Advances in modern MRI pulse sequences have enabled clinically-practical cortical bone imaging. Human cortical bone is known to contain a distribution of T1 and T2 components attributed to bound and pore water, although clinical imaging approaches have yet to discriminate bound from pore water on the basis of their relaxation properties.
The development of ultrashort-echo time and related MRI methods for imaging short T2 signals has generated considerable interest in applying MRI to dense tissues. For example, cortical bone, which is conventionally imaged using X-ray-based methods, can now be effectively imaged with MRI to characterize bone damage and mechanical properties. Recent studies show that certain NMR signals tuned to collagen-bound water and pore water are correlated (directly and inversely, respectively) to several mechanical properties of cortical bone. These findings demonstrate the potential for MRI to offer diagnostic measures of bone fracture risk, but the opposing relationships of bound and pore water content with mechanical properties requires MRI methods that distinguish signals from these two biophysical origins.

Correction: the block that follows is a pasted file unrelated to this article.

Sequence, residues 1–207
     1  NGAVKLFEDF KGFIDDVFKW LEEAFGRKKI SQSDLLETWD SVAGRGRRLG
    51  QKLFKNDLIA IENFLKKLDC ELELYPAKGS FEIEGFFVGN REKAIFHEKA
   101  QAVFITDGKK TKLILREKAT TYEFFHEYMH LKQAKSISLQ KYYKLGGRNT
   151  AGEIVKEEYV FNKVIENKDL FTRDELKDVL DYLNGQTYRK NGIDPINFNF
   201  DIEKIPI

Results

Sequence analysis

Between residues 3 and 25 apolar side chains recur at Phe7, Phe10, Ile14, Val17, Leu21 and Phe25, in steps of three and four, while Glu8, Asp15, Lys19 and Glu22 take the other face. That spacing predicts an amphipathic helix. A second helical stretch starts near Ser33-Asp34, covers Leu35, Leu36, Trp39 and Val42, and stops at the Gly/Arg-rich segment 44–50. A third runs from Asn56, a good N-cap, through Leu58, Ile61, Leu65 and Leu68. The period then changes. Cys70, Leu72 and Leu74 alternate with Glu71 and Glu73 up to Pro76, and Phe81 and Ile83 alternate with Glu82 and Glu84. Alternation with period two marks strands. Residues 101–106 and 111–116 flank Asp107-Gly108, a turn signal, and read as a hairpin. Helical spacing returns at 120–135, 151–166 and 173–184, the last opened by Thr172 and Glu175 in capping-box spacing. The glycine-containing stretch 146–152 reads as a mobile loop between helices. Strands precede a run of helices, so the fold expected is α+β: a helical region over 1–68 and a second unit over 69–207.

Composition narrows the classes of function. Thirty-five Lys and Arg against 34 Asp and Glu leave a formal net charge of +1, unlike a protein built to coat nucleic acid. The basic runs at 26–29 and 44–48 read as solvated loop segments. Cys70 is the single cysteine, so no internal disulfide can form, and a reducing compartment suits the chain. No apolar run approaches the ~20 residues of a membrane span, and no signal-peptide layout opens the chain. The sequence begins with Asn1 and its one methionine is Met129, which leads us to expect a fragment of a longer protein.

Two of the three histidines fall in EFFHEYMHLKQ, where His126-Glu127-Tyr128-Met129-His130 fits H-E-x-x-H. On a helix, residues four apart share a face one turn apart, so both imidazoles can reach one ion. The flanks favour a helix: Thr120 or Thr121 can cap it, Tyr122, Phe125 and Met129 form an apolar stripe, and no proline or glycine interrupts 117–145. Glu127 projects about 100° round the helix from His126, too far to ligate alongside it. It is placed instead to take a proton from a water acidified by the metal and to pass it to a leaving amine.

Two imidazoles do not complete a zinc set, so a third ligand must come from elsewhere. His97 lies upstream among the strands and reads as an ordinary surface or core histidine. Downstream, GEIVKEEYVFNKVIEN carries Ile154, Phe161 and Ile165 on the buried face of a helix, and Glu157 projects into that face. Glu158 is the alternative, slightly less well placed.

The present invention describes clinically-practical MRI methods for distinguishing bound and pore water signals from cortical bone based on T2-selective adiabatic pulses as well as T1 characteristics of cortical bone bound and pore water, and offers an improved method of assessing bone structure and fracture risk over x-ray based diagnostic techniques. The methods are validated in a population of ex vivo human cortical bones. Results show that the two MRI methods provide good estimates of bound and pore water that correlate to bone mechanical properties. As such, the bound and pore water-discriminated MRI protocols shown herein should provide diagnostically useful tools for assessing bone fracture risk.
- Quantitatively measures bone composition, useful for fracture risk or disease/therapy assessment
- Better assessment of fracture risk, accounting for soft tissue
- No ionizing radiation
- Can easily be implemented on existing MR scanners
- Compatible with two or three-dimensional imaging protocols
Intellectual Property Status